2177 (2014) referred to the ebola outbreak in Western Africa.
It is a very interesting Resolution for various reasons. Firstly, it considers the ebola outbreak as a threat to international peace and security. Secondly it calls on the international community as a whole to articulate a global and integrated response to this threat. Among the actors praised by the Council for their involvement and commitment to assist the affected countries, we find Medecins sans frontiers and the Red Cross and the Red Crescent. The acknowledgment of the important role played by humanitarian medical organizations is one aspect that deserves to be underlined.
A global response from the international community (represented by affected Governments, Governments of the region, Member States of the United Nations, regional actors such as the AFrican Union, ECOWAS or the European Union as well as civil socity) is even more necessary in this case where the capacities of the affected States are widely exceeded.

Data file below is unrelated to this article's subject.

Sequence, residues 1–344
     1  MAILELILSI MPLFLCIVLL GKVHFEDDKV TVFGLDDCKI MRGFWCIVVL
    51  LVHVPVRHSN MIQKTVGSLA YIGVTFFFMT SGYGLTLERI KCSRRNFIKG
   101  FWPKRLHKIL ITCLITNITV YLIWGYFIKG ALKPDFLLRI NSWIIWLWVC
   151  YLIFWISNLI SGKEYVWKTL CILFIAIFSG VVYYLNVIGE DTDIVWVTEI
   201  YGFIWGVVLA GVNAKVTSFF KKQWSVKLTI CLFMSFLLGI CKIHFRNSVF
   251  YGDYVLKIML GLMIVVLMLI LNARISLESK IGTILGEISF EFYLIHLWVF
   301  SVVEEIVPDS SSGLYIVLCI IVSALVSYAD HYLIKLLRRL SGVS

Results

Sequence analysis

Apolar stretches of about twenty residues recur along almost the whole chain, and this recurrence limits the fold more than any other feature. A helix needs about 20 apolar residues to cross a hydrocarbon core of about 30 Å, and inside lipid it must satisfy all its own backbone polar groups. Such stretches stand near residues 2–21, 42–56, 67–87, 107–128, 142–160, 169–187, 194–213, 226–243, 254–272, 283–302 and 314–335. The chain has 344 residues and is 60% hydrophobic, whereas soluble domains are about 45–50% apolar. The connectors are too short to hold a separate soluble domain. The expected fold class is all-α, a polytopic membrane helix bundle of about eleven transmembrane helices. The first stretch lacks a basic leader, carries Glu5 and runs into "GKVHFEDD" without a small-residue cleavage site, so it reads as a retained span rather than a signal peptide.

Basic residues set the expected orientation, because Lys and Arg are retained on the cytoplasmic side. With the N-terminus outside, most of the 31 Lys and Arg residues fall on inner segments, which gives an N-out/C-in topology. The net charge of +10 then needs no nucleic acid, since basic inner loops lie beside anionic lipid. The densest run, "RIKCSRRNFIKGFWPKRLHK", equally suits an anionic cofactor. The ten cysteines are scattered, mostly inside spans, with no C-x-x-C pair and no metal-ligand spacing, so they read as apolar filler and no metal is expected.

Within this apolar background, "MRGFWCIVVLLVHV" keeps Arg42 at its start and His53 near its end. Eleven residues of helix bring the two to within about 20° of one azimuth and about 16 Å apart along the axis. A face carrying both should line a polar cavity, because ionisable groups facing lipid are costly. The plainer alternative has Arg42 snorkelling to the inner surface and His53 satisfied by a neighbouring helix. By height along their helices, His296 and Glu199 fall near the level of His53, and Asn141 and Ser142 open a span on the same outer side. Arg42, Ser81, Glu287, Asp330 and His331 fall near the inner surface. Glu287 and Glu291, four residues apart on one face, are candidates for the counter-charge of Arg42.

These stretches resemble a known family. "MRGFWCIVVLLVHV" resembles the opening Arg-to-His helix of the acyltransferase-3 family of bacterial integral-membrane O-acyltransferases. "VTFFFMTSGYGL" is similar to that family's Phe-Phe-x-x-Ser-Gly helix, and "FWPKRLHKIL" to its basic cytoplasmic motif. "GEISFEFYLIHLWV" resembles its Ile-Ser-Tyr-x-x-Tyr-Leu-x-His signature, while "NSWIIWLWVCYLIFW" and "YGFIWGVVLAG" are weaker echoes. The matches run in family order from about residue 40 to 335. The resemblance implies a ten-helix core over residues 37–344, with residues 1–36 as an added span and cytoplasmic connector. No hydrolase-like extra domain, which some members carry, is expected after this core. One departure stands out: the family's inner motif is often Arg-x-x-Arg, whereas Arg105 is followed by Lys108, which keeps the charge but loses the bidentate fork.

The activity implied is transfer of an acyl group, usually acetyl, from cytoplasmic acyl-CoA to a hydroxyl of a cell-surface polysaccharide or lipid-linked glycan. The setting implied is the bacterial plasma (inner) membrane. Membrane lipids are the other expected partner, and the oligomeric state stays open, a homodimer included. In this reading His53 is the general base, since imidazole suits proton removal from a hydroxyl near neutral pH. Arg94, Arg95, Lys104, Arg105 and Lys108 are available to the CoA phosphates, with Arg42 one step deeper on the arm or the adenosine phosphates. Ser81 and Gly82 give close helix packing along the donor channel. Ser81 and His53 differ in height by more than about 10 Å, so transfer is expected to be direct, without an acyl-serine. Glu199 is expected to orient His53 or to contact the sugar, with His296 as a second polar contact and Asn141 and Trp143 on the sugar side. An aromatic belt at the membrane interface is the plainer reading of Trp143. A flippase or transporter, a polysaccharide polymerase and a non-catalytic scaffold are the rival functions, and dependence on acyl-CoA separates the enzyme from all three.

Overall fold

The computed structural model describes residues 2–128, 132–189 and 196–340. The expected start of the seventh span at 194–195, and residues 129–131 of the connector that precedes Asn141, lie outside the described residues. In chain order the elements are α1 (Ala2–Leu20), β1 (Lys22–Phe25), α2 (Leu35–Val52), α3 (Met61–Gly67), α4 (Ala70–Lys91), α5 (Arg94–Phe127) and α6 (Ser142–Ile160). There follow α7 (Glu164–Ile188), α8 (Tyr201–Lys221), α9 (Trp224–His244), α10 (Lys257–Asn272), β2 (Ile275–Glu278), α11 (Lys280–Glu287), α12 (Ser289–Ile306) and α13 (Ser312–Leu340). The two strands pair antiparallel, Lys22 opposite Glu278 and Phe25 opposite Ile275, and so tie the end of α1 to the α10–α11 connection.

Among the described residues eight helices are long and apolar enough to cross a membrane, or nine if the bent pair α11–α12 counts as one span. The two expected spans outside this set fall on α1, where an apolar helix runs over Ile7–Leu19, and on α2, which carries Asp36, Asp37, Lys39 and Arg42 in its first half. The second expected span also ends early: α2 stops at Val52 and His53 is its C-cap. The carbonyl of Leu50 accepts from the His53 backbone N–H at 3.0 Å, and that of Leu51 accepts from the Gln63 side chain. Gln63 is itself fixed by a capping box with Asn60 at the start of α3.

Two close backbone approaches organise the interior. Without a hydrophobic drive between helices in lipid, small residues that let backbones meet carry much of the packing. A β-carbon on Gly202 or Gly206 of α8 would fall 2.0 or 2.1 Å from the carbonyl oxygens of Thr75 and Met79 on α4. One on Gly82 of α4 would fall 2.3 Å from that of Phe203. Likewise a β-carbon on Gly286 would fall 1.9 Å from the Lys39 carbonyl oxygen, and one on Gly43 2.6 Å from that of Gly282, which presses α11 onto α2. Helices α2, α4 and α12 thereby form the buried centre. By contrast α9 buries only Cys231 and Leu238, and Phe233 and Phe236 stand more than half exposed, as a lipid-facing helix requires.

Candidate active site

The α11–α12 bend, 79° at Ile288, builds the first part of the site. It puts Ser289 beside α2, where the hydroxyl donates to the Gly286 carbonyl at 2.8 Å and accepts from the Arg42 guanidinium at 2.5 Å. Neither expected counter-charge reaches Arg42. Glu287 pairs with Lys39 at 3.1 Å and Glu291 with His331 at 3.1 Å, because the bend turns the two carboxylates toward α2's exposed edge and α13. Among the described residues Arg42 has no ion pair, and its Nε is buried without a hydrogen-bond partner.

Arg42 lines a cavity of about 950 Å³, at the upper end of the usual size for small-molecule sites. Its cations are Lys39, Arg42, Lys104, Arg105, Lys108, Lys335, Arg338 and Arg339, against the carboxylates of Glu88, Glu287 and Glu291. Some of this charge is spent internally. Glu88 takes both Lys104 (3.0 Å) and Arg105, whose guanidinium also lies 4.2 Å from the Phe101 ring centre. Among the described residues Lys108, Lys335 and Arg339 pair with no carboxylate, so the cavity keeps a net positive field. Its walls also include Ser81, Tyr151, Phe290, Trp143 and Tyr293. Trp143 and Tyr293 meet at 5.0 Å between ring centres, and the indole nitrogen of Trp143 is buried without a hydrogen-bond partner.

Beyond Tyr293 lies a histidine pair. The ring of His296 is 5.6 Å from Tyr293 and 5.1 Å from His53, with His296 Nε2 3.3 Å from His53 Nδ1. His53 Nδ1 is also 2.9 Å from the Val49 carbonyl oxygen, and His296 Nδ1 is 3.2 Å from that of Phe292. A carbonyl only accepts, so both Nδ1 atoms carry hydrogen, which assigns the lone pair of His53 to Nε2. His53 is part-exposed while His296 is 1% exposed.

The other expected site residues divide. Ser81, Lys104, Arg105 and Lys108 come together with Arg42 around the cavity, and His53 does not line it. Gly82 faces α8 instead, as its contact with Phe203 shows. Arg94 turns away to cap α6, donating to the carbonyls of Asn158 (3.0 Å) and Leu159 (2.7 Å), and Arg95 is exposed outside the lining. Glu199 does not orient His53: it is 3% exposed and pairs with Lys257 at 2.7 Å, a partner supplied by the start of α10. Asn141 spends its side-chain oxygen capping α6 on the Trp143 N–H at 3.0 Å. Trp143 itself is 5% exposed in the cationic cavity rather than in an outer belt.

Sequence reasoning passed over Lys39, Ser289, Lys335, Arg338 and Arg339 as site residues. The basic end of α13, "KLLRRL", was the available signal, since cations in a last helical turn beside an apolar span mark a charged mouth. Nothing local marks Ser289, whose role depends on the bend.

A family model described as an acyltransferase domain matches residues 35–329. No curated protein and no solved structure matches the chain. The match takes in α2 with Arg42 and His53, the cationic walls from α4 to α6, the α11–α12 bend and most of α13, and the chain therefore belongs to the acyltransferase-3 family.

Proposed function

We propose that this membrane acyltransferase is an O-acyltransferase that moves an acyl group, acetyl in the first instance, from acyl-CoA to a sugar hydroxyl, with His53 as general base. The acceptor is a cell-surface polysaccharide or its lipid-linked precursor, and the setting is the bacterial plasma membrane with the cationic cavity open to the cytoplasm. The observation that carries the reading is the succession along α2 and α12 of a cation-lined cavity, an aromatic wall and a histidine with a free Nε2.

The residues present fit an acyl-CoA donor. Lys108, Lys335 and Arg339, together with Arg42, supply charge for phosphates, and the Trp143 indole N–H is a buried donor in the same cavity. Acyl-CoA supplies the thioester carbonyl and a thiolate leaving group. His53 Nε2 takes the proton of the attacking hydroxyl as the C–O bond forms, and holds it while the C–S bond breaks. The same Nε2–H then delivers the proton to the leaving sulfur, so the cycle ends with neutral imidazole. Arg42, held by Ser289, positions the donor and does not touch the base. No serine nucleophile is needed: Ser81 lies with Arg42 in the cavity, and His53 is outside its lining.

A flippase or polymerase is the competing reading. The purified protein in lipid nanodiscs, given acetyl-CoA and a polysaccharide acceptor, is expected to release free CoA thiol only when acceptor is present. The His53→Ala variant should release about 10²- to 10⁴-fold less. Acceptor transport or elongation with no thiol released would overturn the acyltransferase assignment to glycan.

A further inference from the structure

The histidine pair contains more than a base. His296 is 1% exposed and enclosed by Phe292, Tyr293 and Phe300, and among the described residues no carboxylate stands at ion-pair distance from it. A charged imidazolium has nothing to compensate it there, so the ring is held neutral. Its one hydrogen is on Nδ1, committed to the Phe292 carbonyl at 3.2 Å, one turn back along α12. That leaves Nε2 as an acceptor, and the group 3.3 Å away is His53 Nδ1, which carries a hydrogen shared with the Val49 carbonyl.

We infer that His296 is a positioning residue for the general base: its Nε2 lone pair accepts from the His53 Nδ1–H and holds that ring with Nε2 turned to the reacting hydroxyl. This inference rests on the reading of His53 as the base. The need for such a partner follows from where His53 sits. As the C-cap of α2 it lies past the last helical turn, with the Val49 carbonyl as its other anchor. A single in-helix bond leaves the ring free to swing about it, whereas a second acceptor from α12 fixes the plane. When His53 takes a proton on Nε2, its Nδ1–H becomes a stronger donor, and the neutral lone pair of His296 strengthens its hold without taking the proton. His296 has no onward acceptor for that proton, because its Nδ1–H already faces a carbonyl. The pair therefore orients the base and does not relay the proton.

Among other interesting aspects that can be highlighted I would like to call attention to the reference to the particular impact of the outbreak on women. The Council requests the Governments to facilitate the participation of women in decision making and to pay particular attention to their specific needs when designing the responses.
One thing is missing though.... in this sort of crisis the United Nations should have the capacity to deploy specialized humanitarian personnel. The proposal of creating a green helmet force, which has been put forth within the debate on climate change, goes in the good direction. The emphasis on the work of humanitarian organizations is the result of the lack of capacity of the United Nations to perform humanitarian work in this kind of crisis. The NGOs are filling this shameful gap.